The iconic symbol of Louisiana’s commitment to health care for the poorest of its residents sits abandoned in downtown New Orleans. Not much has changed at Big Charity since Hurricane Katrina shut its doors in 2005.

In north Baton Rouge, another LSU hospital — this one locked up as part of Gov. Bobby Jindal’s effort to privatize the state’s charity hospital system — sits vacant, with weeds growing in the cracks of the concrete and broken glass scattered over the Earl K. Long Medical Center campus.

Soon, the LSU hospital in Pineville, the Huey P. Long Medical Center, will become another deserted property as private hospitals take over care of the poor and uninsured in central Louisiana.

Though some uses are planned for the New Orleans and Baton Rouge sites, the state has no long-term plans for the properties.

Many floors of Charity Hospital in New Orleans are somewhat of a time capsule of the day the facility was evacuated in August 2005 because of Katrina flooding: beds still unmade and IV poles still standing. Nothing’s worth keeping, said Jerry Jones, the LSU system’s facilities project administrator.

The state is hoping to start by mid-July the process of hiring a firm to clean out the place, Jones said.

In Baton Rouge, Twentieth Century Fox is filming scenes for its “Fantastic Four” sequel at the Earl K. Long campus on Airline Highway. “Fantastic Four” is the movie version of the Marvel Comics serials about a team of scientists with superpowers.

Once the filming is finished, the state plans to start the process in August or September of hiring a firm to tear down the main building.

But beyond those immediate plans, the state has only question marks.

Big Charity’s future

The Veterans Affairs hospital across the street from Big Charity will close when its new hospital opens in a downtown medical complex. The complex between Canal Street and Tulane Avenue also includes the state’s 424-bed University Medical Center and is scheduled to open in mid-2015.

The city of New Orleans will own the VA property as part of a land exchange involving new hospital construction.

“There’s no plan for any of those (vacant) buildings right now,” state Sen. Ed Murray, D-New Orleans, said. “It’s a lot of property in the heart of the city.”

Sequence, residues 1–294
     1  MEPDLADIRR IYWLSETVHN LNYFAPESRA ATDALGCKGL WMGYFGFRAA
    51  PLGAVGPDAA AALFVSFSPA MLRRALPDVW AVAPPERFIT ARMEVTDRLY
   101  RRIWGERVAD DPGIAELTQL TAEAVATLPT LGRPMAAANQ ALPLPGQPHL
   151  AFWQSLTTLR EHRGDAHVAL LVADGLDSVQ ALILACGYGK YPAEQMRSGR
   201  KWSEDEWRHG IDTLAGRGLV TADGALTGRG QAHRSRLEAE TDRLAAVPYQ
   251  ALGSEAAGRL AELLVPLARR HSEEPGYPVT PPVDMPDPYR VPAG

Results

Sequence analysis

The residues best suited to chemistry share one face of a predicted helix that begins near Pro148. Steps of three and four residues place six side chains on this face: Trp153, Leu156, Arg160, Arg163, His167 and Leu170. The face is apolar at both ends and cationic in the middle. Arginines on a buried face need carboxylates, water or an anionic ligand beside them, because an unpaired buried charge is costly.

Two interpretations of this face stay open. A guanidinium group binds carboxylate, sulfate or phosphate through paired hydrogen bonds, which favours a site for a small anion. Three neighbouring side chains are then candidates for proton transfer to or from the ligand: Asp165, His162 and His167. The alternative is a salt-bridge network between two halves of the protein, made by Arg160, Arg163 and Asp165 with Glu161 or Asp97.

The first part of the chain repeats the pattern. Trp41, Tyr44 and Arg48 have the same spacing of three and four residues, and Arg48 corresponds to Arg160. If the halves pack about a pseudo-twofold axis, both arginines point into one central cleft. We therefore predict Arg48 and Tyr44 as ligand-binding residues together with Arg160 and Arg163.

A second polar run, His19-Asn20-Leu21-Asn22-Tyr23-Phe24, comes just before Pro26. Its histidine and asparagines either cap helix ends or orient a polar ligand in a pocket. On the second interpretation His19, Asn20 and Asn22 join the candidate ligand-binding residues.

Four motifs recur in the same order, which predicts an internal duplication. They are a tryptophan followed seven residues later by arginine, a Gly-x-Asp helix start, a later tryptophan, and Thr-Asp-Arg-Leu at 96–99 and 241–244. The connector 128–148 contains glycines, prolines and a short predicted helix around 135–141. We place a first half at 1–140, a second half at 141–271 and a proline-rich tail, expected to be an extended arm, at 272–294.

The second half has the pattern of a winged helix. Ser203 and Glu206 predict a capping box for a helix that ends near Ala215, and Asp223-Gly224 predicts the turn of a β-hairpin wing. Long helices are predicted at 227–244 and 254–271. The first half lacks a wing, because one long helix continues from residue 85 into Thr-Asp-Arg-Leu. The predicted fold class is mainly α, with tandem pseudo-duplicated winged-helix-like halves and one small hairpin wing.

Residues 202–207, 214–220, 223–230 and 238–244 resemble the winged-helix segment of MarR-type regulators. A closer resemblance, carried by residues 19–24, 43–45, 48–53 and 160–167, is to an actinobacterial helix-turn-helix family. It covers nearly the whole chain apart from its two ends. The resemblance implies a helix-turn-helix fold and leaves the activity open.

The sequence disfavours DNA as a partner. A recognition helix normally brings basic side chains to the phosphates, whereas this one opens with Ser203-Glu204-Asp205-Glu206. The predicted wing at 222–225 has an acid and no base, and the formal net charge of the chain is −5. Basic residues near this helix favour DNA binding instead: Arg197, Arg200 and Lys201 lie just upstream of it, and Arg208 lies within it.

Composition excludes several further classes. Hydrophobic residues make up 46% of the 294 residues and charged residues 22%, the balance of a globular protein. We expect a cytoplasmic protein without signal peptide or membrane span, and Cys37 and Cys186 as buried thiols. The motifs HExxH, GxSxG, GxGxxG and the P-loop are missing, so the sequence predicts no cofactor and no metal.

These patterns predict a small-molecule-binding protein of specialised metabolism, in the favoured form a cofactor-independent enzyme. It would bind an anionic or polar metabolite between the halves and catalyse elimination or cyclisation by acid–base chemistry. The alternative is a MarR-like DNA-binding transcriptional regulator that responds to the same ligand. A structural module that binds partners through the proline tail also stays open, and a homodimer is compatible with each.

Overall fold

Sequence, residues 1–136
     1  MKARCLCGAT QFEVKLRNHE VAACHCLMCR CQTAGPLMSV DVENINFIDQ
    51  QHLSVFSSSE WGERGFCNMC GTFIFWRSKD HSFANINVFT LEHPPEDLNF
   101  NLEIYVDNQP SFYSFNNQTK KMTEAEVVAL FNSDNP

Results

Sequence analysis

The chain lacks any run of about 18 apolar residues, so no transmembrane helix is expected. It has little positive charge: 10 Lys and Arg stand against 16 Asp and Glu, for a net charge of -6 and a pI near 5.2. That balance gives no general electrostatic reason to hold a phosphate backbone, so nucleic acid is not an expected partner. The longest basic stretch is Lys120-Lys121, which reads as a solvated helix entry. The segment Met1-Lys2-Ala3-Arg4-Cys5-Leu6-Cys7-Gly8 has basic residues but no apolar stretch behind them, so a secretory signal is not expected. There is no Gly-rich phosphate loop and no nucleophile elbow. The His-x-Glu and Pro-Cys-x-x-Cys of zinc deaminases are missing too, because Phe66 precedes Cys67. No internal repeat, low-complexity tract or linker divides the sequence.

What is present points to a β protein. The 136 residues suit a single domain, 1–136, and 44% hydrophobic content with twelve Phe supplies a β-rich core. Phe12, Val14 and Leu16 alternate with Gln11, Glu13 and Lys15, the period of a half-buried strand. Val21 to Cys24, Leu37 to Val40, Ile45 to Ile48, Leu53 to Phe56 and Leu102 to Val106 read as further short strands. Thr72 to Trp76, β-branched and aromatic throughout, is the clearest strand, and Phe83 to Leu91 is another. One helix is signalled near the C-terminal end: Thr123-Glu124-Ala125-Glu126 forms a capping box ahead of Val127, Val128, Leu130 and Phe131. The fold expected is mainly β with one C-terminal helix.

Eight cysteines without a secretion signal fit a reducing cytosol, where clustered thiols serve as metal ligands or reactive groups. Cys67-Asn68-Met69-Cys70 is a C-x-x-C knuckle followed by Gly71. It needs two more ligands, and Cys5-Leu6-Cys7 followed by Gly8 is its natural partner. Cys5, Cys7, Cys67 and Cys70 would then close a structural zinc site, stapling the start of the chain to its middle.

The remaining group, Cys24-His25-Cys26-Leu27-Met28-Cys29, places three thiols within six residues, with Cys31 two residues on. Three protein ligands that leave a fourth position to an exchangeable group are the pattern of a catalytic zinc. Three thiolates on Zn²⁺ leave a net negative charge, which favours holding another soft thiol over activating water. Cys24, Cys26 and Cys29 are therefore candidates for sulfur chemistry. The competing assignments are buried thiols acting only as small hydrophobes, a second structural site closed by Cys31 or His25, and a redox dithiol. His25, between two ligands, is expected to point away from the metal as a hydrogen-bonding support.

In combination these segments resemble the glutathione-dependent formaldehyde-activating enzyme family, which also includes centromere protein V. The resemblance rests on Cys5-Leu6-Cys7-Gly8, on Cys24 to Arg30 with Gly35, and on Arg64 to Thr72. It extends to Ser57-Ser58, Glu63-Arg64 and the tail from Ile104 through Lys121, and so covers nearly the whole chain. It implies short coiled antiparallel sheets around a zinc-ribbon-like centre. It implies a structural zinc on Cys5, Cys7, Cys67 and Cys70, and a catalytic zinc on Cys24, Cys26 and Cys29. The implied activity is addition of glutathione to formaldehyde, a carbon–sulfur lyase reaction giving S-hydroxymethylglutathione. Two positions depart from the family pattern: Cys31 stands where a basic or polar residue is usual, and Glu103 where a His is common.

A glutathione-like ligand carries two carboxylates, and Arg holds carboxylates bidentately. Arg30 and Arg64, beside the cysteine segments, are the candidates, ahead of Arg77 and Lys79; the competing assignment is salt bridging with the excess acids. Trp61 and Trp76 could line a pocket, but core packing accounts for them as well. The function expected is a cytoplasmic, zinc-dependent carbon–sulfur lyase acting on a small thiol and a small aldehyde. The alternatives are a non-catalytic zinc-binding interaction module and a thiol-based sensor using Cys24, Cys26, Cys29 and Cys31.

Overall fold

The state is spending $3 million a year to secure and maintain the vacant property.

A few weeks ago, Mayor Mitch Landrieu pulled the plug on the most promising option for Big Charity — an ambitious and costly plan to relocate City Hall, some courts and other local agencies in it. At an estimated $400 million, the project was too expensive, and the state did not commit its $100 million share.

“It’s a state building that is a state responsibility,” Landrieu said. “I hope the state finds something really useful to do with it that is part and parcel of what the future economic development is for the city.”

He complained that the Jindal administration diverted $600 million in federal funds from the building to new state hospital construction, leaving nine blocks around Charity behind.

What that could mean is the state is creating 1 million square feet of “blighted property in the middle of our city,” said House Speaker Pro-tem Walt Leger, D-New Orleans. It’s “really important” to redevelop the historic building, he added.

The Jindal administration is required under an agreement involving FEMA to market the property to public and private entities for three years for possible reuse.

A marketing strategy has not yet been determined, Meghan Parrish, communications director of Jindal’s Division of Administration, said last week. Neither is it clear when the three-year period commenced. Administration officials refused to answer that question. Indications are the division’s Facilities Planning and Control Office is working on a request for proposals from developers interested in “an adaptive use.”

Historic Foundation of Louisiana board member Sandra Stokes said the state did not market the building as it waited on the New Orleans civic complex project to come to fruition. The building is “absolutely viable” and structurally sound, she said.

“There will be a lot of people coming forward now that the mayor’s plan is dead,” Stokes said. “A lot of people will show up once the state starts to market it as it is obligated to do. I think things will start opening up.”

Plans for the Earl

The demolition of the LSU Earl K. Long Medical Center is the first step in a process that will ultimately turn the Airline Highway property over to the East Baton Rouge Parish Housing Authority for development.